SPCA of Wake County Issues Safety Warning for Pet Owners During Cold Weather

Cats and Dogs. Credit: Frank and Kay Whatley, Nadia Ethier
Cats and Dogs. Credit: Frank and Kay Whatley, Nadia Ethier

The SPCA of Wake County would like to remind pet owners the importance of taking care of animals during the winter months and overnight freezing temperatures. Just as freezing temperatures can pose fatal risks for humans, they can be just as dangerous for pets.

Says SPCA of Wake County Staff Veterinarian Dr. Alice Hunsucker:

“A general rule is if it’s too cold for you, it’s too cold for your pets.”

“This isn’t just about us not wanting these animals to be uncomfortable. There are health problems these pets can face when they are left out in these near freezing temperatures. Just like humans, animals can suffer from hypothermia and frostbite or freeze to death. That’s what we don’t want to happen.”

Dr. Hunsucker also reminds pet owners that older animals with systemic diseases may be more susceptible to cold temperatures.

Here are the most important priorities for protecting pets during cold weather:

  • Bring all pets indoors, even outdoor pets, with only short trips outside to relieve themselves.
  • When pets do come inside, wipe off their paws to prevent possible burns from salt and other materials used to melt snow and ice as well as preventing pets from ingesting it.
  • If bringing a pet inside is not an option, add hay to their shelter to provide warmth and insulation. It is required by North Carolina law that pets have a shelter regardless of the weather.
  • If hay/straw is not available, add wool or synthetic blankets to the animal’s shelter. Do not use cotton as it retains moisture instead of wicking it away, which can make the pet colder.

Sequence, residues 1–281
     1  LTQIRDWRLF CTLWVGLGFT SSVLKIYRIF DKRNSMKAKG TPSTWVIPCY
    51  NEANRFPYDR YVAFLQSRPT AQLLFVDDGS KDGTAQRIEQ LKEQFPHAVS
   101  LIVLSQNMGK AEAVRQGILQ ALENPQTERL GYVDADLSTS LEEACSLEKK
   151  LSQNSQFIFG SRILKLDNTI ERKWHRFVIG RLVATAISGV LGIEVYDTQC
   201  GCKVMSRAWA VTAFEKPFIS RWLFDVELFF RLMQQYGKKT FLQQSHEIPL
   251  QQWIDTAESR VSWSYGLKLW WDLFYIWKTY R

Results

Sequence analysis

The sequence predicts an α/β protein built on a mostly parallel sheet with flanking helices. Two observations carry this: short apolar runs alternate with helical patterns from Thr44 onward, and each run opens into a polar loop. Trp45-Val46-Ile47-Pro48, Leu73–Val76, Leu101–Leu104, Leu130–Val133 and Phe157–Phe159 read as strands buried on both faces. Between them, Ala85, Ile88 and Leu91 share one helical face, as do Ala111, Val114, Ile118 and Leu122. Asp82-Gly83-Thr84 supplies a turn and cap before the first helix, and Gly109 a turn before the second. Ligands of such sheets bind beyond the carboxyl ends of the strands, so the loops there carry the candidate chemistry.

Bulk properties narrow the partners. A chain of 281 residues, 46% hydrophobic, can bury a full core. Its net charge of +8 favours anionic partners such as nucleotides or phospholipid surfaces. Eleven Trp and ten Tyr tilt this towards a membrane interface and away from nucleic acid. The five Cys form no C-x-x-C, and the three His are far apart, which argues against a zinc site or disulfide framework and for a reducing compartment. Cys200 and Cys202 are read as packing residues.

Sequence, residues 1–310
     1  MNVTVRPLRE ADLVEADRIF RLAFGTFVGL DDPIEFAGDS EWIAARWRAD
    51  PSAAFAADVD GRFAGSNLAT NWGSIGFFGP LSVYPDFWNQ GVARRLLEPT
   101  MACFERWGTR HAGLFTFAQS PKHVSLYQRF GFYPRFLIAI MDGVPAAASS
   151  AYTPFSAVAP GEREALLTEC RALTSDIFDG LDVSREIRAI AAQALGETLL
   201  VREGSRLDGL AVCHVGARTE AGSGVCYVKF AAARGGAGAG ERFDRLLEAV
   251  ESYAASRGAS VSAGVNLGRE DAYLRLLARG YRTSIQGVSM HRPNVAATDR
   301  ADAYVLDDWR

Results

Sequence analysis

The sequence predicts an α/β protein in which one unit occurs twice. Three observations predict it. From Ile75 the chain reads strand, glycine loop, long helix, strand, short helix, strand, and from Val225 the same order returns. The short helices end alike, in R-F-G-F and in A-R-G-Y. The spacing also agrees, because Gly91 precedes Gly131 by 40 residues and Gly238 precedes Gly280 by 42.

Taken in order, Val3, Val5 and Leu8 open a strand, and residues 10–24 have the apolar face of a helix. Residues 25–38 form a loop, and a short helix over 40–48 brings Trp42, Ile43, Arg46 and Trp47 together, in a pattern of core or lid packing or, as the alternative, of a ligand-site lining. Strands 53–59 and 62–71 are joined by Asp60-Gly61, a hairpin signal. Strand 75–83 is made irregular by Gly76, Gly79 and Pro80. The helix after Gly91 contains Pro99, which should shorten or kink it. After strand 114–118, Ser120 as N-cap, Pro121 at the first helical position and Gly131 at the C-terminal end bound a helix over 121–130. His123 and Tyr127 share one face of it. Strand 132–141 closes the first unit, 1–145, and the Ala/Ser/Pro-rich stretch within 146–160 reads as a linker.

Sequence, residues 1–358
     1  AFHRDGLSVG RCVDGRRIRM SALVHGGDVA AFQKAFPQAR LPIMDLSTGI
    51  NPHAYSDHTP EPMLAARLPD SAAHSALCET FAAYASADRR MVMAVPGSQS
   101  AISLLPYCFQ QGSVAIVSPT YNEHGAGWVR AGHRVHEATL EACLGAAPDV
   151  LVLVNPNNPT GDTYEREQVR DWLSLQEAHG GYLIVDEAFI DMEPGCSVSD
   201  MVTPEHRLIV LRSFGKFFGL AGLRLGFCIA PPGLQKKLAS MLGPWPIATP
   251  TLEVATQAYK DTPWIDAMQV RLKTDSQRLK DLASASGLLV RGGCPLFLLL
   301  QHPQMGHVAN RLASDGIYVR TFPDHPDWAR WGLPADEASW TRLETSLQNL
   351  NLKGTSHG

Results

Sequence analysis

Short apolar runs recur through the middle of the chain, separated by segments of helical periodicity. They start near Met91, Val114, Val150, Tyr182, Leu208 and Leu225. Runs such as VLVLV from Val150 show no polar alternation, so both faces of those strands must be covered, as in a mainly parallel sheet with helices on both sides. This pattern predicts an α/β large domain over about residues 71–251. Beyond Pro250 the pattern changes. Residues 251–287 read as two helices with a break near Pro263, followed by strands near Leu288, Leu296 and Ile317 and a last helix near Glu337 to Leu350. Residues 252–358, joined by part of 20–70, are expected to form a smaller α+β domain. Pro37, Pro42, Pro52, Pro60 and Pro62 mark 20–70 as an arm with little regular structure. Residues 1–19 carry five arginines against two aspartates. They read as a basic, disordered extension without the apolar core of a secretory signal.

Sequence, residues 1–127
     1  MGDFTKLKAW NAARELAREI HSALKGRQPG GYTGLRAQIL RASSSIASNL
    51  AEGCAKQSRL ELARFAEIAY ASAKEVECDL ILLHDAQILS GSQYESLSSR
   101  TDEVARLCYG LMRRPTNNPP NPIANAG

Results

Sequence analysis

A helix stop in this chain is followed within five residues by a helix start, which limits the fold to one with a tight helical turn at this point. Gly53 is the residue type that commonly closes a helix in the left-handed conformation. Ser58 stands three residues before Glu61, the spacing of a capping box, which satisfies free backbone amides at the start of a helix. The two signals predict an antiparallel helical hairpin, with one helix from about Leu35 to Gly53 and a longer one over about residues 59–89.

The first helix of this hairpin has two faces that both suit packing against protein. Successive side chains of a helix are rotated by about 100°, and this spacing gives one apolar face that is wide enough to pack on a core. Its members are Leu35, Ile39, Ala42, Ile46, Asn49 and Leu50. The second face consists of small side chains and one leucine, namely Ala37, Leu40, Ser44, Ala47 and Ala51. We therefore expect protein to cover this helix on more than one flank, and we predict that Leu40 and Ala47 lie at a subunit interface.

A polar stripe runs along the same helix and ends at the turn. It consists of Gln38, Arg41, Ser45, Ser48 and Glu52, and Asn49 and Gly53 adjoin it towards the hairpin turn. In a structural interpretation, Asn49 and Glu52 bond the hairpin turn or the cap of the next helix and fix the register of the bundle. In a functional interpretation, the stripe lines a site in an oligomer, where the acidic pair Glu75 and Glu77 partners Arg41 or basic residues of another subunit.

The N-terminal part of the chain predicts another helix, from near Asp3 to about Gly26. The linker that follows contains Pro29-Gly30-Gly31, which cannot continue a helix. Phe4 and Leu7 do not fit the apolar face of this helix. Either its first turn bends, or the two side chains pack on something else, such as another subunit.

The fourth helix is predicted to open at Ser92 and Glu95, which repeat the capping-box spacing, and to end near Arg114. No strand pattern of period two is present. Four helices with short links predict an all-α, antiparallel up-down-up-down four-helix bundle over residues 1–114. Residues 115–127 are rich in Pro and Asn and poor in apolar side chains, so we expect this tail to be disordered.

• If the pet remains outside, make sure that they have access to drinkable water at all times. The water will freeze and it will freeze frequently. So make sure that their water is replenished every few hours. Licking iced-over water is not going to keep a pet properly hydrated.
  • The law requires that animals have food, water, and shelter.  If you see an animal you believe does not have these essentials or may be in danger, contact your local Animal Control agency.
Aidy. Source: SPCA of Wake County
Aidy. Source: SPCA of Wake County

This time last year, “Aidy” was living outside. At ten years old, she spent her entire life outdoors. Now she is curled up on a bed at the SPCA of Wake County Pet Adoption Center where she is warm and ready to find a forever home. All animals deserve to be warm and safe through the winter. You can help make that happen by giving a gift online at spcawake.org/give.

Founded in Raleigh in 1967, the SPCA of Wake County is dedicated to creating a more humane community and transforming the lives of pets and people through protection, care, education and adoption.

 

Source: Tara Lynn, SPCA of Wake County

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